Campaign Spending Limits Michael Karath

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Published: October 3rd 2012

Kindle Edition

249 pages


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Campaign Spending Limits  by  Michael Karath

Campaign Spending Limits by Michael Karath
October 3rd 2012 | Kindle Edition | PDF, EPUB, FB2, DjVu, AUDIO, mp3, ZIP | 249 pages | ISBN: | 4.18 Mb

Author Michael Karath has worked in politics, government, and journalism for over 20 years and earned a master’s degree in government studies at Harvard University. His book, “Campaign Spending Limits – The Case for Closing the Constitution’sMoreAuthor Michael Karath has worked in politics, government, and journalism for over 20 years and earned a master’s degree in government studies at Harvard University. His book, “Campaign Spending Limits – The Case for Closing the Constitution’s Loophole That Allows Wealthy Interests to Buy America’s Elections, Laws, and Politicians, is believed to be the first book written that focuses on the primary importance of passing a constitutional amendment to RESTORE campaign spending limits to clean up Americas corrupt political system.Campaign spending limits was once the law of the land in America.By 1974, the Watergate scandal spurred 34 states and eventually a Democratic Congress and Republican president to pass spending caps to curb political corruption.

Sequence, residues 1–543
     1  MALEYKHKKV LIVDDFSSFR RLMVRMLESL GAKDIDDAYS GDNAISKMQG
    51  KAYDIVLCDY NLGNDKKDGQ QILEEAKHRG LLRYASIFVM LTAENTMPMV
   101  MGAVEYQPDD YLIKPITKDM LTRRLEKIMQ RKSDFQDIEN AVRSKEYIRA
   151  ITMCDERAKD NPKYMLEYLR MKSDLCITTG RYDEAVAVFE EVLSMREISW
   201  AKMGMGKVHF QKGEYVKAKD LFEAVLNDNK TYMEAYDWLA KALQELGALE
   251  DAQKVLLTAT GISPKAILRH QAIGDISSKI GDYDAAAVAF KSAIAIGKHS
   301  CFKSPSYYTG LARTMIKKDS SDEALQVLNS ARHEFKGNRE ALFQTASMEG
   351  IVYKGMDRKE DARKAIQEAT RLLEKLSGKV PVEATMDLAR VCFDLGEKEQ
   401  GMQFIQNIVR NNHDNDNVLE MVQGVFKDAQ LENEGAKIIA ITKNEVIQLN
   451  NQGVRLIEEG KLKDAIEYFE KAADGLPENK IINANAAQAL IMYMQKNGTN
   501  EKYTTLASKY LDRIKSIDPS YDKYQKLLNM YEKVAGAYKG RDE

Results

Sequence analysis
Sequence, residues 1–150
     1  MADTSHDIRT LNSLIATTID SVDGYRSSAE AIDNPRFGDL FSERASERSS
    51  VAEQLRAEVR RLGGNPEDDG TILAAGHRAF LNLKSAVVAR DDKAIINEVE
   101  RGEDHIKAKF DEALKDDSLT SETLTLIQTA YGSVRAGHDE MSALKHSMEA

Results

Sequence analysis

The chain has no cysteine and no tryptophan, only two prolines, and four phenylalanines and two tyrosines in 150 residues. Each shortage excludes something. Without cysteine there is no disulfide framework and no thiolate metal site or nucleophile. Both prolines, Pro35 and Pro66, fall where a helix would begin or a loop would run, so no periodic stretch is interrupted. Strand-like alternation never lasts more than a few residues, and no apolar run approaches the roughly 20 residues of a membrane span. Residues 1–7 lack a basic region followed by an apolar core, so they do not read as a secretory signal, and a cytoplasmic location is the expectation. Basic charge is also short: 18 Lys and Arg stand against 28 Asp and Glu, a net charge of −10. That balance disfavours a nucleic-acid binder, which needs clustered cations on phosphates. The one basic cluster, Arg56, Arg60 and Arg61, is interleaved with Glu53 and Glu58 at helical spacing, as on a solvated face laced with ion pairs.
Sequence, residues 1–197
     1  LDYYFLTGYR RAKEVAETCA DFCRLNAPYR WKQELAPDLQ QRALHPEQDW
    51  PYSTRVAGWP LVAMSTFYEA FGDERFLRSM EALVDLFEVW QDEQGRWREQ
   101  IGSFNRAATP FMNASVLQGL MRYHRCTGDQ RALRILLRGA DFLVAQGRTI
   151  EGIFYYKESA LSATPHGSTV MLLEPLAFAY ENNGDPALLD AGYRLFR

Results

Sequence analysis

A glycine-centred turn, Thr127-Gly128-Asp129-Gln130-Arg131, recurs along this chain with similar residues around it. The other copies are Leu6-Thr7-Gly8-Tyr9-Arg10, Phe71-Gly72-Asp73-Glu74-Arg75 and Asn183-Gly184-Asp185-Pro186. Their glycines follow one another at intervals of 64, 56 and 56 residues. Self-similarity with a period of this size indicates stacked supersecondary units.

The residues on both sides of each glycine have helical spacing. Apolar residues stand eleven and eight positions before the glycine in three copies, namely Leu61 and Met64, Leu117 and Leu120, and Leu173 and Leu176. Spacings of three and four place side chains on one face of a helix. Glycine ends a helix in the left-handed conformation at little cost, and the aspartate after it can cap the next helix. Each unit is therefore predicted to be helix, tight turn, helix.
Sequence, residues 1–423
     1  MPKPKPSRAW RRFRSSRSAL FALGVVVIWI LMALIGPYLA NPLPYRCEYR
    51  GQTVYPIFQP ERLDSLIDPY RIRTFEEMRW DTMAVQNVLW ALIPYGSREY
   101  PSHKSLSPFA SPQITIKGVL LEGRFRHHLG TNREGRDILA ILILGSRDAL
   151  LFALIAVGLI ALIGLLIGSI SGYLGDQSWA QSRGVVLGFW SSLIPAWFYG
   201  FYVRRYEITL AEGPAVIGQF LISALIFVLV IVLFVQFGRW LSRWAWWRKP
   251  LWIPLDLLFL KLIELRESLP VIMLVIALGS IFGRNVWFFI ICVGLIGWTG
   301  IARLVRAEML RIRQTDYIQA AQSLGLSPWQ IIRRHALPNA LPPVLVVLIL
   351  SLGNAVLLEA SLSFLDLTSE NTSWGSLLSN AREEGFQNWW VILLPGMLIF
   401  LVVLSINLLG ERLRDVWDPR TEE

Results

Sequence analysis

But the Supreme Court killed those laws in 1976 before they had a chance to work. The justices ruled that money equals speech, and that any attempt to limit candidate spending violated the First Amendment’s right to free speech.Unlimited candidate spending, however, corrupts the political system because America’s election history has shown that those with the most money have a near guarantee of victory.

In other words, political cash = political power. And in the quest to attain this precious money advantage to overwhelm and intimidate competitors, candidates naturally seek out those who routinely donate the largest sums. Unfortunately, many of those donors just happen to represent corporations, unions, and trade associations—the very entities whose interests the politicians must sit in judgment of once elected. This “money incentive” to amass political power combined with the politicians’ subservient dependency on special interests corrupt the very foundation of the system—that politicians are assumed to be independent and impartial judges when conducting the people’s business.It is a fatal conflict of interest.Given the Court’s hostility toward campaign reform laws, as witnessed by its 2010 Citizens United ruling, the only reasonable way to instill integrity into America’s democratic process is to pass a constitutional amendment to overrule the Court and restore the people’s right to institute campaign spending limits.

Only then will political decisions reflect the public’s consensus and will and not those of a tiny, wealthy minority.



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